Mycoplasma hominis

Valeria Fabre, M.D.


  • Aerobic, fastidious organism; easier to cultivate than M. genitalium.
    • Differs from bacteria due to smaller size, sterols in the membrane and lack of a cell wall.
    • Due to the lack of a cell wall, M. hominis:
      • Is intrinsically resistant to β-lactams
      • Cannot be detected on Gram stain
    • It differs from M. genitalium because it is intrinsically resistant to 14-member macrolides (erythromycin and clarithromycin; see discussion below).
  • M. hominis grows on blood or chocolate agar plates and broth cultures.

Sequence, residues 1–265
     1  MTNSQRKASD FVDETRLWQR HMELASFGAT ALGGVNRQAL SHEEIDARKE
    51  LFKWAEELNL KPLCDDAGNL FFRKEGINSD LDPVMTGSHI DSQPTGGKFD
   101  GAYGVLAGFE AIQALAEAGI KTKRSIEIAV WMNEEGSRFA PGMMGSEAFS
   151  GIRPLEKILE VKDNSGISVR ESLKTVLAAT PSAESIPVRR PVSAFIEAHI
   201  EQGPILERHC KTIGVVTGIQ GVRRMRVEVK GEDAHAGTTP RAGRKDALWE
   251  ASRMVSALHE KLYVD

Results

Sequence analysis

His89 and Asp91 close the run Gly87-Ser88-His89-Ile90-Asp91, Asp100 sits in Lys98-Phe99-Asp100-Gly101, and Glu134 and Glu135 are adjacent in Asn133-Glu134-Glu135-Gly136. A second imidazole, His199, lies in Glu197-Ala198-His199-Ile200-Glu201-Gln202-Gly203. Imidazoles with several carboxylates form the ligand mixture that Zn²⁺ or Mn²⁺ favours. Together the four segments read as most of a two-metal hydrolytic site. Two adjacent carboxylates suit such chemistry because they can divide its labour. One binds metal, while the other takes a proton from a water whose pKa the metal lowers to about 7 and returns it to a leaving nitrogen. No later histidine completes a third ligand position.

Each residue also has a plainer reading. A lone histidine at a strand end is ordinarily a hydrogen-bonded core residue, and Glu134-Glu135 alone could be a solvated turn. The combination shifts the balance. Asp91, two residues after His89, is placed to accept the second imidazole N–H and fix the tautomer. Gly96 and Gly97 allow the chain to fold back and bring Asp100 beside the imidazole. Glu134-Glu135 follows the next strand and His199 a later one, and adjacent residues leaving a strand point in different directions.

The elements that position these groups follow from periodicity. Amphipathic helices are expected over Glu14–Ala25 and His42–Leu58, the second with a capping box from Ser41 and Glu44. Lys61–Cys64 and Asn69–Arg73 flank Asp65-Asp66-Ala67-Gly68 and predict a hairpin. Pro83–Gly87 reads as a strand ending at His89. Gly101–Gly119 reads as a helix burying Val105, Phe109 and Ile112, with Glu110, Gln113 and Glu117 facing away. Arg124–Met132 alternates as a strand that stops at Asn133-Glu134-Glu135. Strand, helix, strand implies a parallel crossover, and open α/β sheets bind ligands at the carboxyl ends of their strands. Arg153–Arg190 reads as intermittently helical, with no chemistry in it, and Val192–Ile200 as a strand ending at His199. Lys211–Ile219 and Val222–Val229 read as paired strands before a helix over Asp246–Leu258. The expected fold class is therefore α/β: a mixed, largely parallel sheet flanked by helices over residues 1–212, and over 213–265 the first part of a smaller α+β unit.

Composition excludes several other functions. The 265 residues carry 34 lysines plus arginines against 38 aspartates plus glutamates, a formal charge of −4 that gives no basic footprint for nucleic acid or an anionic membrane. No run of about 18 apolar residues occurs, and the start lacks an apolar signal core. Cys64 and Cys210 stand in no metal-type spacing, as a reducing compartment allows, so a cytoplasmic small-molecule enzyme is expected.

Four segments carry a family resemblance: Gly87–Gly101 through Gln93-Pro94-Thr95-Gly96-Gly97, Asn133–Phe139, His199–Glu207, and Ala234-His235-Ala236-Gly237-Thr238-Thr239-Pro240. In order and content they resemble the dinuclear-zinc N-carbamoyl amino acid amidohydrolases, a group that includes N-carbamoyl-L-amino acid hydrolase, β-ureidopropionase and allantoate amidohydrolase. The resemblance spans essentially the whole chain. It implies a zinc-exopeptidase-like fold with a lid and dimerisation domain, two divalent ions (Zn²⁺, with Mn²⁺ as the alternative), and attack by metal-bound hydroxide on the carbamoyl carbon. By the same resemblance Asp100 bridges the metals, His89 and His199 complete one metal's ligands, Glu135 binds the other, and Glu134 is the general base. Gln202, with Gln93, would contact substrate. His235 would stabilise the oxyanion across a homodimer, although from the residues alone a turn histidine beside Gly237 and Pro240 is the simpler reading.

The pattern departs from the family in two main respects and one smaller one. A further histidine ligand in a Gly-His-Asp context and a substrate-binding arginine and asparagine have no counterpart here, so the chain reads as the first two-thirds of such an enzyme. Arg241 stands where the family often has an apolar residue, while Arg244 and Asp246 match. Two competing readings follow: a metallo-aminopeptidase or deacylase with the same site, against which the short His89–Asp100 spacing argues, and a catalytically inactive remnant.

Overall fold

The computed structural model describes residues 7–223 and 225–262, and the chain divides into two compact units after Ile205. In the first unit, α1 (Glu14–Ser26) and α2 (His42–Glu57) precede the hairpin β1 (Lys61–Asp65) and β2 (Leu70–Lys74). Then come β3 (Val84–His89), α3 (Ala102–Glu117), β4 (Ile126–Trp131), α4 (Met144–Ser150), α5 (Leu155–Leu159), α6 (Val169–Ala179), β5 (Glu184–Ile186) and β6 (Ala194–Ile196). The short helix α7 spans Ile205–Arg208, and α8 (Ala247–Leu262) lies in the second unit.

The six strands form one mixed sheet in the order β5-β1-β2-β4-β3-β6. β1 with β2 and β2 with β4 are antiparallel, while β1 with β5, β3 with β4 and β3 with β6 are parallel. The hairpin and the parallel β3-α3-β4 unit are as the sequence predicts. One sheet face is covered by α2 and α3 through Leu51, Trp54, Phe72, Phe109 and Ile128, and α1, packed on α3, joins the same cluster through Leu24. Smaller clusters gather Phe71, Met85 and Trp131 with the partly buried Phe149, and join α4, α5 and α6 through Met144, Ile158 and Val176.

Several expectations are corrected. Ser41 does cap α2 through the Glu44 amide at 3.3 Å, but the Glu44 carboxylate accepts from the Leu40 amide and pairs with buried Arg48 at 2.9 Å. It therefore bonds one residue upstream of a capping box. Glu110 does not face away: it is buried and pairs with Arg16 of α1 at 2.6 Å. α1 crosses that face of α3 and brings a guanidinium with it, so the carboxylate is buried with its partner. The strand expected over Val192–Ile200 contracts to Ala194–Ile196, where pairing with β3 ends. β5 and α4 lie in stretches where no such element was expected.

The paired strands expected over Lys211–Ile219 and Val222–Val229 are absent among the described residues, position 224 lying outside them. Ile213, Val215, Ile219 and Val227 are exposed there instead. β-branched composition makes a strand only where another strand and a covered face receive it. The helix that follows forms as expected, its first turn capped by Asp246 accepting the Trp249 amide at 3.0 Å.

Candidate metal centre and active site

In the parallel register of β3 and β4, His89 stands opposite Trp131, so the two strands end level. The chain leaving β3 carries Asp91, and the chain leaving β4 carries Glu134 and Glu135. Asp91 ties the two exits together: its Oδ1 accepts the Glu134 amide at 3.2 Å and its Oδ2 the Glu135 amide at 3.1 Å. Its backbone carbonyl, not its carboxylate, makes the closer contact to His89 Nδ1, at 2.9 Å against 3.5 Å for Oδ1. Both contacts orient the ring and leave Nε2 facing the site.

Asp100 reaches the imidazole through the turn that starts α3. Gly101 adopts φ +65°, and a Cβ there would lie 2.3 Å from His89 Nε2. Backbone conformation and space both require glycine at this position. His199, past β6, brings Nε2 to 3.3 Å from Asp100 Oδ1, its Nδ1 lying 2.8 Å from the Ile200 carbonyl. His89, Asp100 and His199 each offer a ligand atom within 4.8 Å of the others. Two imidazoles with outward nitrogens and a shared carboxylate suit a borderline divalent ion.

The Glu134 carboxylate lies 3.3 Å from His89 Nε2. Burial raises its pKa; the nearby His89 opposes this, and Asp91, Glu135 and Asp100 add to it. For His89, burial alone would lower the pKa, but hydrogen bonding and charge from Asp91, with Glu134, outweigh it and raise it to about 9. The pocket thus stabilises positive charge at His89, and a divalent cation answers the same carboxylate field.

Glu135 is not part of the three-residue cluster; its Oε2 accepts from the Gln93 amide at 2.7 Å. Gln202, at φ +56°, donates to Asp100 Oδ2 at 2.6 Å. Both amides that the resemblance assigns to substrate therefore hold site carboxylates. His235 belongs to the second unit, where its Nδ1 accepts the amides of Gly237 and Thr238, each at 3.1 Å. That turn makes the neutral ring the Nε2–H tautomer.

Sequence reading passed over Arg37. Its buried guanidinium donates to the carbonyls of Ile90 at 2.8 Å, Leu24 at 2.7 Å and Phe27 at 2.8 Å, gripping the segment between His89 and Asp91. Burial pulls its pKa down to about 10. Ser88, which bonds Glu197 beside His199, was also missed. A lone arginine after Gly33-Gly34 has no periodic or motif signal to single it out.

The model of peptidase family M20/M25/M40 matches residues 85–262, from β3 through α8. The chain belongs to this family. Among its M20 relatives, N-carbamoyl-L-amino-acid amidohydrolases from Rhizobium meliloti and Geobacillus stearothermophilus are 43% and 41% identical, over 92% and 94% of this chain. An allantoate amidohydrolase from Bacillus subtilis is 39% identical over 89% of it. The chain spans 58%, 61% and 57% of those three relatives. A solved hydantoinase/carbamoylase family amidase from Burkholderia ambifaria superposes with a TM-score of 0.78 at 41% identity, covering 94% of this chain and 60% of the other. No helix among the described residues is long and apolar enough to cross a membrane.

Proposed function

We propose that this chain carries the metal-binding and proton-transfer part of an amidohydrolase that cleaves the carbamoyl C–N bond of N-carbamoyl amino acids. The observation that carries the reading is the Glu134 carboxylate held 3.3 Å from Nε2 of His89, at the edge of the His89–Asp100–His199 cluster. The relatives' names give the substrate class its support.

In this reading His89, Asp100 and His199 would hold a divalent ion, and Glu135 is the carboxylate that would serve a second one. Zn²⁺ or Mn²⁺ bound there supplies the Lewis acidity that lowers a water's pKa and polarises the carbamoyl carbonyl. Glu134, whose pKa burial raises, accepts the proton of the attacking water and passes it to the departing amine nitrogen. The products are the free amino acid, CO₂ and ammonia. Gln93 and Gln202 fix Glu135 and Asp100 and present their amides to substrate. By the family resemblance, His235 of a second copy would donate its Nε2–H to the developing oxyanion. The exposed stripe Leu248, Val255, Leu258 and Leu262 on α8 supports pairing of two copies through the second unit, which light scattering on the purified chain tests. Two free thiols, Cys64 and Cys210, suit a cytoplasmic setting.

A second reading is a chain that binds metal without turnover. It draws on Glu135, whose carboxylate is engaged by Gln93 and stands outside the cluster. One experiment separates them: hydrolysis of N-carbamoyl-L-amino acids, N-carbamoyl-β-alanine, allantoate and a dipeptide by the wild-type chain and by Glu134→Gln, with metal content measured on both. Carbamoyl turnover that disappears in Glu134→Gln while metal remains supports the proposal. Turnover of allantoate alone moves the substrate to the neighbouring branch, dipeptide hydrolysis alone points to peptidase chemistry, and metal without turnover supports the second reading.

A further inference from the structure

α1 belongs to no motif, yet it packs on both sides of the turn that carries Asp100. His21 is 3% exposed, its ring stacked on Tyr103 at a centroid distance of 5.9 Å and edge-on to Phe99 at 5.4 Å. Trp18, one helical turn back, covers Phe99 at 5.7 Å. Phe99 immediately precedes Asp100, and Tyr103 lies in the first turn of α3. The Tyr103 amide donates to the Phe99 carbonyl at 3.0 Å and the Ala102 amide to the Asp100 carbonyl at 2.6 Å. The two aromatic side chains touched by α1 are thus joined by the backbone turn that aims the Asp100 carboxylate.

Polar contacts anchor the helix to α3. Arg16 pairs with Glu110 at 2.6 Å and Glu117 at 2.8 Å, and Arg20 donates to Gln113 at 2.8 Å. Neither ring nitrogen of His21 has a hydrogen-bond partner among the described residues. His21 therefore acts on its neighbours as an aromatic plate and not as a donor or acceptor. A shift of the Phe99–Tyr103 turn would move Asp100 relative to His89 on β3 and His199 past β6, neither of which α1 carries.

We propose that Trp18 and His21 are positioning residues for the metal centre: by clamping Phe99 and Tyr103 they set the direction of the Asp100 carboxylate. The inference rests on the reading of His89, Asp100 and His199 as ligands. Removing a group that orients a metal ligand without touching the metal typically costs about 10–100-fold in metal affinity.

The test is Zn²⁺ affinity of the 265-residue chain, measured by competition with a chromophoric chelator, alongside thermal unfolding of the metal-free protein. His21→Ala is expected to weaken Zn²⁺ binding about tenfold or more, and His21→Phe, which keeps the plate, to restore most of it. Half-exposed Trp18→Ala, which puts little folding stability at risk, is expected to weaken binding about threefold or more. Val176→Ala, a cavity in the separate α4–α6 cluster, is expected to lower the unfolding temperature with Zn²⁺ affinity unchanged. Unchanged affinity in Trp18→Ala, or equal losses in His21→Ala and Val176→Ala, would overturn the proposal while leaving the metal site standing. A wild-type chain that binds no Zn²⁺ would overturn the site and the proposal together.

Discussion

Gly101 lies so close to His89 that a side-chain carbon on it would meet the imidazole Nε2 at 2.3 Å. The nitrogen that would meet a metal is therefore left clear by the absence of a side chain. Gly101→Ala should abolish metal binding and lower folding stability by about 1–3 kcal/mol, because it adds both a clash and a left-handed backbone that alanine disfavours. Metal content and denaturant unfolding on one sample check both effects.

• Visible colonies in 2 - 5 days.
    • Colonies are very small (0.2mm) and translucent, so that they can be easily missed. They have a "fried egg" appearance on agar [Fig, denser in the center and less dense in the periphery].
    • Communicate with the micro lab if you suspect Mycoplasma hominis infection so they can use media that favors Mycoplasma hominis growth.
      • M. hominis in blood culture systems appears to be inhibited by the anticoagulant polyanethole sulfonate which can be neutralized by adding gelatin to a 1% concentration in the blood culture medium, but this is not done routinely.

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Last updated: February 4, 2023